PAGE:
“Yes,” Leonardo shouted as he caught a glimpse of what he was expecting. It would be the evolved result of his new invention. He watched as a single man made bird of straight wings fly over the top of the buildings. It passed by quickly. He was disappointed in the short duration of the view when suddenly he saw a flock of the large birds appear. They were flying in the shape of a large V. As hard as he tried, he was not able to count their numbers. One formation then two appeared. More came and passed over the buildings. Tiny seeds began to fall from the man made birds. Leonardo gasped at the number of seeds that appeared. Hundreds he guessed. The view of the sky was suddenly blocked by the appearance of stone and materials from the buildings. Smoke appeared and cleared, and appeared again. Leonardo struggled to see the cause of the distortion.

Once again the smoke appeared and disappeared. He saw the buildings become torn and shattered. The image started to fade as the charge from the electric ray dissipated from his device.
A small electric ray reached out from the clouds above and struck the iron stakes. Leonardo praised God above for his extended time with the future. The image grew full in the lenses as Leonardo held his breath, for fear that his movement would take the future away. He watched as more seeds fell from the great birds in the sky. More smoke, flames, and shattered buildings appeared as Leonardo began to cry with the realization of what he was watching.

The man made birds were weapons! Weapons of mass destruction so great, it put the idea of his own wooden cannon house to shame. The birds dropped hundreds, or maybe thousands, of their cannon balls upon the city of the future. As the image started to fade, Leonardo caught one last look at something that shook his very being.

A woman appeared in the center of the image. Her clothes tattered and ragged. Blood ran alongside the tears streaming from her eyes. In her arms was a young child, limp and lifeless. She seemed to be looking right at Leonardo through the image, pleading for his help, to make the pain go away. The image slowly faded into blackness.

He violently kicked at the tripod support for his machine, causing the bulk of the device to fall to the ground, the lenses shattering on impact. Leonardo stood and tore the black cape from the device and flung it behind him. He looked up into the pouring rain, hoping the intensity would wash away the image and the pain that it brought. He fell to his knees and cried as the vision of the child lingered in his mind. 


Several days after Leonardo’s use of the vision machine, Francesco bounded into the large workshop with the excited anticipation of a new adventure. “It’s launch day, Leonardo,” he stated as he looked around the workshop. He found Leonardo sitting at the great hearth, his back to Francesco. The flames of the hearth were larger than normal, creating an erie glow around Leonardo’s silhouette.


Leonardo didn’t answer.

Francesco stepped over to the drawing table that Leonardo used for all of his designs. The drawings of the flying machine were no longer there. The inkwell was still moist with fresh ink and several quills sat on an old scratch parchment off to one side. Francesco could tell Leonardo had been drawing again.

“You’ve been up all night?” he asked.

“Yes, my young apprentice,” he replied without moving. “I’m afraid we are not going to fly today.”

Francesco was dumbfounded. So much time and effort had gone into designing and building the flying machine. The winds were good and they had planned on testing it today. He ran across the room to the stables door and stopped at the opening. The flying machine was gone! His heart sank and tears welled up in his eyes. He knew Leonardo was prone to his own eccentricities but this was a major blow to scientific progress. He turned to face Leonardo. “But why, Leonardo?” he exclaimed. “I don’t understand.”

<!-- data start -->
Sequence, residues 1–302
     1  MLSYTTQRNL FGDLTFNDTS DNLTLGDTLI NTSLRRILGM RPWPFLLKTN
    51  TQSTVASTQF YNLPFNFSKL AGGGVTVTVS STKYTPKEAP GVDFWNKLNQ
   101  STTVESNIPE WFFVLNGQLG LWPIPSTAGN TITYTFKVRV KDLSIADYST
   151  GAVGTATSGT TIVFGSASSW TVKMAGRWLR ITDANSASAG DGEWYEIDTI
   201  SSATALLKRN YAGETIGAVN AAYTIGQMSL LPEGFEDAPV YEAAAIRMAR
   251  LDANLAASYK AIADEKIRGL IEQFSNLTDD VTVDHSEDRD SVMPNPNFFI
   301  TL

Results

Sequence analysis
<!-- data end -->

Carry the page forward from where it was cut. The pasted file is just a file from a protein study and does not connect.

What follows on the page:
“The design was flawed,” Leonardo answered. “It was not natural.” He stood up with a rolled up parchment in one hand. He held it out for Francesco.

Francesco stepped over and took the roll from Leonardo. He rolled it out and held it in the air, letting the glow from the flames dance behind the drawing. The design was completely different from what he had seen before. Instead of the straight wings covered with stretched leather, these were more in the shape of an actual bird. Gone was the long round body for holding a man. All that was left was a harness with controls for moving the wings.

“This does look more like a bird,” Francesco stated. “You were so committed to the other design. We spent months working on it, building the frame, stretching the leather. Is it all gone?” Francesco asked, gazing at Leonardo.

“It made for a nice fire,” Leonardo spread his hands at the hearth. His look was very distant, yet at peace.

“This is so different than the other. Are you sure that this will work? What was wrong with the other?” Francesco was intent on knowing why all his recent work had gone up in flames.

“It was not natural,” Leonardo restated. “I feared that it would lead to a unnatural progression of events.” He gazed at the fire in the hearth without really noticing the flames.

“Events?” Francesco asked. He was totally confused. He knew the capabilities of Leonardo were far beyond what he could do. Leonardo was the master builder, the architect, the Cardinal’s personal designer.

Leonardo looked back at Francesco. “It was a design that was not meant to be!” he stated boldly. “If we are to create and design machines for mankind to use, then we have a responsibility. A responsibility to follow the natural progression as God intended. The other design would have lead to unnatural events which would have endangered our entire existence!” Leonardo gazed back at the fire. He looked as if he had aged another 10 years in just a few moments. The weight of the world was upon him.

Francesco was confused but also amazed. Here in front of him was the greatness of a man so intelligent, so creative, the likes of him the world had never seen before. Yet, he was just a man, burdened by the weight of his own creations. He pondered how just a man, could have such vision for the future? Francesco shook his head in amazement.

“This design,” Francesco stated while holding the drawing up in the air, “when do we begin?”